In last Sunday's Gospel, Jesus gave the beatitude in which he exalted the poor as those who will merit the rewards of heaven but denounced the rich for ignoring God in their lives. This is seemingly paradoxical; it is like turning the natural human expectations upside down. In the Gospel today, Jesus continues in the same line of discussion by calling his disciples, and all Christians, to a higher standard of love. He commands us to love our enemies, to do good to those who hate us, to bless those who curse us, to turn the other cheek to those who strike us, to let people take what belongs to us, and to give without expecting any appreciation in return. To love one's enemy, and to do good to those who want to harm us, are very high standards Jesus sets for us. This is what makes Christianity distinct from any other religion in the world. However, Jesus did not only set the standards for us, but he lived them when he died for all of us sinners and prayed for those who killed him.READ MORE
Our liturgy today is centered on the theme of "Trust and Hope." In all three of our scripture readings today, we see a comparison between those who hope or trust themselves versus those who hope and trust in the Lord. While hope and trust do not mean the same thing, we know from life experience that it is nearly impossible to have one without the other; that is to hope without trusting someone or something or to trust without hope. It is also impossible for anyone to live without hope and trust in someone or God. The readings described those who hope and trust in God as wise, and those who trust in only themselves as foolish. In the first reading, Jeremiah used "curse", a very strong word for those who trust in human beings. In the Gospel, Jesus also used a strong word, "Woe", to those who think they can do well in life without God. In contrast, those who trust and hope in God are described as the "Blessed" who are wise enough to know that all they have comes from God their creator. Jesus is not just comparing the rich to the poor or those who trust in themselves versus those who trust and rely on God, but he is actually offering his disciples and all of us, the key to the source of true eternal happiness. Relying on God will always lead to eternal life and joy that lasts forever while relying on personal achievement without God leads to illusionary joy that does not last.READ MORE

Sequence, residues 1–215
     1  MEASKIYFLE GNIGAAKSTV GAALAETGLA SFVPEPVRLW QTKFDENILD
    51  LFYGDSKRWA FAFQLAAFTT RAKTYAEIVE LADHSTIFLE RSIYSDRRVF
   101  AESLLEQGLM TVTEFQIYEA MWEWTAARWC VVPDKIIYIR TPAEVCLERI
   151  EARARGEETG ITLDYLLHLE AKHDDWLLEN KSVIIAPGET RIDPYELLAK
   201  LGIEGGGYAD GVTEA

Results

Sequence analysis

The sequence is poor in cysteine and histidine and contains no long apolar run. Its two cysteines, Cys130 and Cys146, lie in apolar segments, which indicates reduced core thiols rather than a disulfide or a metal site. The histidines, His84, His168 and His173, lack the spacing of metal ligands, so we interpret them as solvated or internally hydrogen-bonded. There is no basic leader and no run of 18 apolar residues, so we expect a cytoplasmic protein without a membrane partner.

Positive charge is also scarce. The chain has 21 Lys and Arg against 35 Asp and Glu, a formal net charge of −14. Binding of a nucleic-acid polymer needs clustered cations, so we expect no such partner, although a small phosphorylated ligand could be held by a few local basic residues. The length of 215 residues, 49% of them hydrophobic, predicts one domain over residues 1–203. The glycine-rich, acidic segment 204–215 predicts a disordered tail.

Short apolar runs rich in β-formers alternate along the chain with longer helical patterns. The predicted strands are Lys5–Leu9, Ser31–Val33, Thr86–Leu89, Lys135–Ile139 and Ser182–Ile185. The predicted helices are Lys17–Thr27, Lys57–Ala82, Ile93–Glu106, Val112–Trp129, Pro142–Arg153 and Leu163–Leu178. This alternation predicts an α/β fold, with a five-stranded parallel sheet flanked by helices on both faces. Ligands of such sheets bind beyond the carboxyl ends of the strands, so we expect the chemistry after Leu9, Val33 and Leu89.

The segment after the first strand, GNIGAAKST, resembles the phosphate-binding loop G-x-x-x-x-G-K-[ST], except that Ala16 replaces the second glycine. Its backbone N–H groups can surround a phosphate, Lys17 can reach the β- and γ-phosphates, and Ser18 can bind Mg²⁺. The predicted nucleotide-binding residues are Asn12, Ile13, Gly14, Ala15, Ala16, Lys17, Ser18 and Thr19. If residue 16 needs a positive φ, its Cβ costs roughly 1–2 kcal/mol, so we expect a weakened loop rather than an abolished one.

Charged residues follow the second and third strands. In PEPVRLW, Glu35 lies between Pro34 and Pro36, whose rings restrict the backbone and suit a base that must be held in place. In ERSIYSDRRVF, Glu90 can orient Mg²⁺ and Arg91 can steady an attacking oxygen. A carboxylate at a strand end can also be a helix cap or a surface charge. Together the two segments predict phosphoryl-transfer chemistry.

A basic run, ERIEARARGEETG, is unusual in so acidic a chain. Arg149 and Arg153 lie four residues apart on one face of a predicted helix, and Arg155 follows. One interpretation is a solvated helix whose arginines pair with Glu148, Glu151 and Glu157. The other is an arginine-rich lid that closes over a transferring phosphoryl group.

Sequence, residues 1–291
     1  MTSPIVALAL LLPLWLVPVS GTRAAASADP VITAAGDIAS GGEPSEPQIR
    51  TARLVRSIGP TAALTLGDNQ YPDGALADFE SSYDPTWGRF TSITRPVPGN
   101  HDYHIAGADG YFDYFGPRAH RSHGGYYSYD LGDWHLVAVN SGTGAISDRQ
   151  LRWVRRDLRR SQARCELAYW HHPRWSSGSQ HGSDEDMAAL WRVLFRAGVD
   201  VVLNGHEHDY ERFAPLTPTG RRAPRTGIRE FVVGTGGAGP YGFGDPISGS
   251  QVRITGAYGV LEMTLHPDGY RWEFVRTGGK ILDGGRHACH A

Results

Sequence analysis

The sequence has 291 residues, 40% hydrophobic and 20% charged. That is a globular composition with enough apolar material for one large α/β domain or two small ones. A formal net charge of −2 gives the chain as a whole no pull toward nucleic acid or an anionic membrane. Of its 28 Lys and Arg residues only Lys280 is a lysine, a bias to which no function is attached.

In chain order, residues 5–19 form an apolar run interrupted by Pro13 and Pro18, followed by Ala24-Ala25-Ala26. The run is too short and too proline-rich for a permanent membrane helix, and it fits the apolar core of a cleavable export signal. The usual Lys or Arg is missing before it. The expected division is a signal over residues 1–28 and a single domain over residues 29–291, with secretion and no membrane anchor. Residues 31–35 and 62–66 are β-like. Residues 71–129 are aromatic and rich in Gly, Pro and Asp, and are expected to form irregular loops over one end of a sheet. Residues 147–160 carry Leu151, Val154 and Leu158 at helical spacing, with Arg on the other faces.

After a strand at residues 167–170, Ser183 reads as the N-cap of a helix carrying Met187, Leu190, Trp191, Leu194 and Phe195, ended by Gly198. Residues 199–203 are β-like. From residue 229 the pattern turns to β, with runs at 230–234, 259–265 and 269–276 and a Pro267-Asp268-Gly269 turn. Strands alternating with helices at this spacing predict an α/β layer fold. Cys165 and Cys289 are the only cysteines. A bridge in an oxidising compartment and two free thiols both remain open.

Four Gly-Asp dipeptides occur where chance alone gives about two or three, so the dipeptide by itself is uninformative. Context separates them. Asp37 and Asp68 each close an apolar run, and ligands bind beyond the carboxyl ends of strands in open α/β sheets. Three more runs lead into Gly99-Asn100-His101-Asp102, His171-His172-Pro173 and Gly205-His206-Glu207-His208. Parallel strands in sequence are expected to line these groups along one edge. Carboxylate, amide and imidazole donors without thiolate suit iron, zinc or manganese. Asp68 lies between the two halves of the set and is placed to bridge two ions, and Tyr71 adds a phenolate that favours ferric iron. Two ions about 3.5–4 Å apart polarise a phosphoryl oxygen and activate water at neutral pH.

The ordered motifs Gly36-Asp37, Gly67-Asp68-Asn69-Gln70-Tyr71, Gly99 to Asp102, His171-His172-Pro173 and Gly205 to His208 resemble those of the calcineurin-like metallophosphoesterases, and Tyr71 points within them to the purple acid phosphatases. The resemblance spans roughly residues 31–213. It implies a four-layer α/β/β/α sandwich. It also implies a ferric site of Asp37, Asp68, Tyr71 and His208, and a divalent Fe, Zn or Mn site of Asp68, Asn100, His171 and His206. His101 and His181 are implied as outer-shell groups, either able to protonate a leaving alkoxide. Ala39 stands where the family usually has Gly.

Around this time each year, we are invited to participate in the Charity and Development Appeal (CDA) from the Diocese. During all Masses last weekend, we listened as Bishop Thomas Olmsted invited us to participate in the CDA. He explained how the appeal helps fund more than 70 charities and ministries that help the poor and needy around our Diocese. He showed us some very touching, real-life examples of how your donation to the CDA has helped transform the lives of thousands of people.
This weekend is the official Kickoff Weekend for the CDA all over the Diocese. I invite you to pray about how you will participate and support the CDA this year. The goal for our parish this year is $85,000. Personally, I find it very difficult to ask you for donations again, after all of your overwhelming support for our current capital campaign in addition to your weekly financial support. However, like Peter said to Jesus, "To whom shall we go." As we all know, the church always depends totally on the generous support of each one of us to survive and be able to serve those in need around us. Within the next few weeks, you will be receiving the CDA envelope from the Diocese, if you have not already received one. We will also have the CDA in-pew donation envelopes available to those who may be participating for the first time.READ MORE
Welcome to the month of February! We will be observing National Marriage Week from Feb 7 through Valentine's Day on Feb 14. This includes the World Day of Marriage which we will observe next Sunday, Feb 10. The celebration of National Marriage Week started in 2010. This is part of an international movement seeking to celebrate and strengthen marriage. The theme of the celebration this year will focus on "Marriage: Made for a Reason." The US Bishops' Conference (USCCB) has developed a number of resources including homilies, bulletin inserts, flyers and a virtual retreat to assist couples during the celebration.READ MORE
This week we observe Catholic Schools Week in all Dioceses in the United States. Catholic Schools Week is an annual celebration of Catholic education in the United States. It is observed beginning the last Sunday in January and runs all week. The theme for 2019 is "Catholic Schools: Learn. Serve. Lead. Succeed." There will be several events and activities throughout the week, both at the Diocese and also in our parish and school. The high point of the Diocesan event will be the celebration of Mass at Ss. Simon and Jude Cathedral at 10 am on Wednesday, January 31. This will be followed by the Catholic Schools Rally at the State Capitol.READ MORE